Stewart Slams GOP Obstruction As The 'Audacity Of Nope'

Senate Majority Leader Harry Reid (D-NV) has a robust agenda for the lame duck session but all of it will be stalled if the Republicans are successful with what Comedy Central's Jon Stewart calls the "audacity of nope" strategy. Reid has

Senate Majority Leader Harry Reid (D-NV) has a robust agenda for the lame duck session but all of it will be stalled if the Republicans are successful with what Comedy Central's Jon Stewart calls the "audacity of nope" strategy.

Reid has said that he would like to take up the DREAM Act immigration bill, "don't ask, don't tell" repeal, the 9/11 workers health bill, and the new START nuclear treaty with Russia.

But Senate Republicans sent Reid a letter Tuesday promising to block all legislation until the expiring Bush-era tax cuts are extended even for the richest Americans.

In the past, some politicians have viewed the lame duck session as an opportunity to pass important legislation because elected officials are free to work without worrying about elections.

"If we look at it as an opportunity to, you know, after the electrics, after the partisanship to move forward then there's real opportunities," Sen. Robert Menendez (D-NJ) said on Oct. 29.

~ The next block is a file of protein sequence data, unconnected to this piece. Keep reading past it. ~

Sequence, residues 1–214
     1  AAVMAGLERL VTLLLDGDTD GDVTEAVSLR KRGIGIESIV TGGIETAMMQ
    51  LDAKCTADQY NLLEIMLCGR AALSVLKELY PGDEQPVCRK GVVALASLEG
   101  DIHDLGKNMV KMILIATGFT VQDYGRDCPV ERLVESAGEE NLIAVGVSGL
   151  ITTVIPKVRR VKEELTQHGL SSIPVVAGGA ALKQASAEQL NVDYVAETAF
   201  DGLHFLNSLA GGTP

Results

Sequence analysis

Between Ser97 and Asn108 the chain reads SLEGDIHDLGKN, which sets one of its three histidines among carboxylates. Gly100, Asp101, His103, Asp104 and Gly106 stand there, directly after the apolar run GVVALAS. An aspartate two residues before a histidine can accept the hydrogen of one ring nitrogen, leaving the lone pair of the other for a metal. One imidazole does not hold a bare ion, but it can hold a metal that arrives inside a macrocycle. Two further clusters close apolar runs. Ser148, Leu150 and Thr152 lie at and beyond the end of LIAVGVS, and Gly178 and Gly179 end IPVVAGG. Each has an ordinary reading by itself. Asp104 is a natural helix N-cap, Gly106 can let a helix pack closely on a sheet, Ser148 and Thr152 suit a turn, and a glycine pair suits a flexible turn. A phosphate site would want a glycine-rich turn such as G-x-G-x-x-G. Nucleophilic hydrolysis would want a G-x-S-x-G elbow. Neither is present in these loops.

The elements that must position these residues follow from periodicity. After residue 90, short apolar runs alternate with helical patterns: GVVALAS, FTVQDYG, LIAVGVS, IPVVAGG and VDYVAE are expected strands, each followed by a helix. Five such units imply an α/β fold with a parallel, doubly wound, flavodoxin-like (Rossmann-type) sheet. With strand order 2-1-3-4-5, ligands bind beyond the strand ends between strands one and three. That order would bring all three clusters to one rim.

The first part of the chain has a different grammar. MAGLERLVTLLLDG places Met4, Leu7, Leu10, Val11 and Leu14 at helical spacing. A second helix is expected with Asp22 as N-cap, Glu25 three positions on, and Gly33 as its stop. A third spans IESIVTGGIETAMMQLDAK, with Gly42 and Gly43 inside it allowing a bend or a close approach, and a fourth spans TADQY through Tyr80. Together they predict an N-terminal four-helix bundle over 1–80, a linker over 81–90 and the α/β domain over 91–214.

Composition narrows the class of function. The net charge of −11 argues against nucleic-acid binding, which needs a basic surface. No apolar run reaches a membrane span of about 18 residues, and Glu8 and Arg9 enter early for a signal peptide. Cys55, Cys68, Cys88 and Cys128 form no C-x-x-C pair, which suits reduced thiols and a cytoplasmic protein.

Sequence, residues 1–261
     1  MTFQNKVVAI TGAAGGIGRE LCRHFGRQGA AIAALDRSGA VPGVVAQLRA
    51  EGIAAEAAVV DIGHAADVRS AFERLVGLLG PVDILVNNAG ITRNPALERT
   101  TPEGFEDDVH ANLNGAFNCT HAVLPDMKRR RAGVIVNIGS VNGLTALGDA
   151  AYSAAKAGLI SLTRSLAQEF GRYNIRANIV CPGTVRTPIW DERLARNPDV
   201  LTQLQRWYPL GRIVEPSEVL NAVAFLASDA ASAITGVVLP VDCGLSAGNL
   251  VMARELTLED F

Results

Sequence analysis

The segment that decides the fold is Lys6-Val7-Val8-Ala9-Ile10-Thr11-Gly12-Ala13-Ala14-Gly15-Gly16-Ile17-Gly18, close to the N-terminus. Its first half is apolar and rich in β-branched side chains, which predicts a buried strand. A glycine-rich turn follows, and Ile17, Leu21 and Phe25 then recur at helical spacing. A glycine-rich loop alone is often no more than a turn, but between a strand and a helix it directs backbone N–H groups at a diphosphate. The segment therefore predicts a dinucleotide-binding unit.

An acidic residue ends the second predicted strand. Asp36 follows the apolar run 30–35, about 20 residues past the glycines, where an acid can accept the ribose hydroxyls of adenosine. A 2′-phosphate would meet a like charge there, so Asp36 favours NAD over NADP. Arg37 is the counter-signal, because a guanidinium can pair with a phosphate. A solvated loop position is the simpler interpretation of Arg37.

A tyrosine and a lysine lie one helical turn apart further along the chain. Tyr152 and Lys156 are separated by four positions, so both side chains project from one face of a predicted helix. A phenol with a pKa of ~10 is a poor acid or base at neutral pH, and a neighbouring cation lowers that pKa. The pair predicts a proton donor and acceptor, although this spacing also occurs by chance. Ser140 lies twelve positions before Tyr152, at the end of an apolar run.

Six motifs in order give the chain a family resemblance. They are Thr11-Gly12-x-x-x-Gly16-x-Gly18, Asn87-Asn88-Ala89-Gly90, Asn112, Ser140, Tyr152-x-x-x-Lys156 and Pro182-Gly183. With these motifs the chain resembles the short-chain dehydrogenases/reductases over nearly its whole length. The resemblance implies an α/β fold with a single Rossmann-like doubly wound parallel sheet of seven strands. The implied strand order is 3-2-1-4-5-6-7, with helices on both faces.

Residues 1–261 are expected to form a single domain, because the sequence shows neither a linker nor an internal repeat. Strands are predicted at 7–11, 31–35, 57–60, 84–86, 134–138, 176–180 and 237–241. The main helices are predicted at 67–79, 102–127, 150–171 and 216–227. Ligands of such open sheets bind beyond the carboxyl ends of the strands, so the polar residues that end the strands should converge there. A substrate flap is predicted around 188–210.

"After the elections, the lame duck session is the legislative sweet spot, if you will, the three weeks out of every two years when people can actually do what is best for the country because they are not preoccupied with getting re-elected," Stewart explained Wednesday.

"It's kind of like that five minute window after you have an orgasm when you're finally not thinking about sex and can get some actual work done," he joked.

But the Republicans are determined to not give the Democrats any legislative victories.

"We can't compromise on spending," Sen. John McCain (R-AZ) said in mid-November.

"I don't think you're going to see compromise," Rep. Michele Bachmann (R-MN) predicted in early November.

"Oh right. [The bills] won't pass because the Republicans are not a legislative block. They're a legislative c*ckblock," Stewart observed. "Hope is lost. These three weeks will pass, as have the last two years, with the audacity of nope."

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